- The INGAA Foundation, Inc., “Natural Gas Pipeline Impact Study.” (2001)
- Kinnard, Williams N., Jr., Sue Ann Dickey, and Mary Beth Geckler. "Natural Gas Pipeline Impact on Residential Property Values: An Empirical Study of Two Market Areas." Right of Way (1994)
- Wilde, Louis, Christopher Loos, and Jack Williamson. "Pipelines and Property Values: An Eclectic Review of the Literature." Journal of Real Estate Literature 20.2 (2012)
What are the benefits to local communities along the route?
During construction, this project will generate millions of dollars for state and local economies through spending by workers on living expenses, entertainment and meals. Some temporary jobs will be created and demand for local services such as fuel and mechanical work will increase. Towns and counties will also see a significant increase in annual property tax revenues once the project is placed into service.
In additional, several studies (see question above) have concluded that bringing additional gas supplies to the region will lower the price of natural gas in the Northeast and benefit consumers with lower energy costs.
What is the operational life of the pipeline? What happens when it’s no longer in use?
The serviceable life of the pipeline is indefinite because of the materials used and the procedures in place to protect the installed pipeline, including corrosion protective coating, cathodic protection and periodic inspections.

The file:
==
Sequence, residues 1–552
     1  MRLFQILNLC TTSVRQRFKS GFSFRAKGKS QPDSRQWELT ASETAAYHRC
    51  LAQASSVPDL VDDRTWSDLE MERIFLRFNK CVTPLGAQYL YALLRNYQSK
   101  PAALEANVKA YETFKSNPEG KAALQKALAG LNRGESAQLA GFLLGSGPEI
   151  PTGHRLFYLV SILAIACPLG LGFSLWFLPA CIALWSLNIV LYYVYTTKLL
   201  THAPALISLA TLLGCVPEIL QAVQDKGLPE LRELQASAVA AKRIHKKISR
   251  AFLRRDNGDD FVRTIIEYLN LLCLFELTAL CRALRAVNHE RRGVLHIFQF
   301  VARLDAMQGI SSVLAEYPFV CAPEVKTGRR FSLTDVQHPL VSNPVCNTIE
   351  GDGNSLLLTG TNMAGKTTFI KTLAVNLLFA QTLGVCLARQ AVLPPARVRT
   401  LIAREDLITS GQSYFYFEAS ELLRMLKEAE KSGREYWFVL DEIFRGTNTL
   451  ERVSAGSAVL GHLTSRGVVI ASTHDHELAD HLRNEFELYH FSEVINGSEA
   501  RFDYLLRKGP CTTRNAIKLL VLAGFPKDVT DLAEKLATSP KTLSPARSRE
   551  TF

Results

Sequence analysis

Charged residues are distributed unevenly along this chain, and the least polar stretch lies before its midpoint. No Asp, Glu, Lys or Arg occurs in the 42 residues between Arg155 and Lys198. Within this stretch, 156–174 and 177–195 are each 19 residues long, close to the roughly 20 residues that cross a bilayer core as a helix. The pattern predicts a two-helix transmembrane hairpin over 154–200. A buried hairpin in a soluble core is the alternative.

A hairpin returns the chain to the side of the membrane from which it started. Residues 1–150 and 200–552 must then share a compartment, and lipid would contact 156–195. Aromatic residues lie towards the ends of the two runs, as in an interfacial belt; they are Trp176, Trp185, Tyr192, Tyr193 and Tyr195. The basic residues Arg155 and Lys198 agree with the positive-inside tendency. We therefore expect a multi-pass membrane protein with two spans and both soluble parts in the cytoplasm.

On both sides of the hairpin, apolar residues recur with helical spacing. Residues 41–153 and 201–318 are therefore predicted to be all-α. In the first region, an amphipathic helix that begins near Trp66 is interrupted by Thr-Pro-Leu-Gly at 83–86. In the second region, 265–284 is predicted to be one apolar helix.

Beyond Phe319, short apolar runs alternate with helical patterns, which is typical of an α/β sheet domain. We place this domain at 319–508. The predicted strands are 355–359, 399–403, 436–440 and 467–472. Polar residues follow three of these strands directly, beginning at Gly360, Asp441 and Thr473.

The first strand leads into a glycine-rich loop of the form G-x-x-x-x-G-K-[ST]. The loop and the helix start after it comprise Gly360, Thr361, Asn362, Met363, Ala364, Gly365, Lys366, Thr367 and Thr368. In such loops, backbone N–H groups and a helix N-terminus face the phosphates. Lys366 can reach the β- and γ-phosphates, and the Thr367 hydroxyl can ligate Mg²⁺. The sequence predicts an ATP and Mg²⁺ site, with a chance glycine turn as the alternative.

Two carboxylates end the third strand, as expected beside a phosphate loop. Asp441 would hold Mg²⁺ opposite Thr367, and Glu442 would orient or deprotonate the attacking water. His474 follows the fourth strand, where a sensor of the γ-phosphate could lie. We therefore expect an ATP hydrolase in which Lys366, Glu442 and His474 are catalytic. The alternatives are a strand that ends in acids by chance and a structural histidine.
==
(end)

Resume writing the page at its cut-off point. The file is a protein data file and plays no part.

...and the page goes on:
Abandonment of unused or retired pipelines is under the jurisdiction of the FERC. The FERC would review any request by Tennessee to abandon the pipeline and issue an approval before the pipeline could be removed from service and either removed from the ground or abandoned in place (depending on location and environmental impacts). If a pipeline is abandoned in place, it will be disconnected from all sources and supplies of gas, purged of gas and the ends sealed, and, in certain cases, the pipeline may be filled with water or inert gas such as nitrogen.
Siting and Environmental Review Process
What permits does Tennessee have to obtain in order to construct the Project?
Prior to constructing and operating the NED Project, Tennessee is required to apply to the FERC for a certificate of public convenience and necessity under the Natural Gas Act (Certificate Application) As part of the Certificate Application process, FERC has established a collaborative pre-filing process under which FERC staff cooperate to establish the scope of the environmental review and the environmental reports that Tennessee will file with its Certificate Application and that will be the basis for FERC’s Environmental Impact Statement. Tennessee anticipates that it will request to initiate the FERC pre-filing process starting in September 2014. The process will include Tennessee conducting open houses for interested parties, including affected landowners, to learn more about the project and FERC staff conducting scoping meetings to gather comments on the proposed project from interested parties. Tennessee anticipates that it will obtain its FERC Certificate Application for the NED Project in September 2015.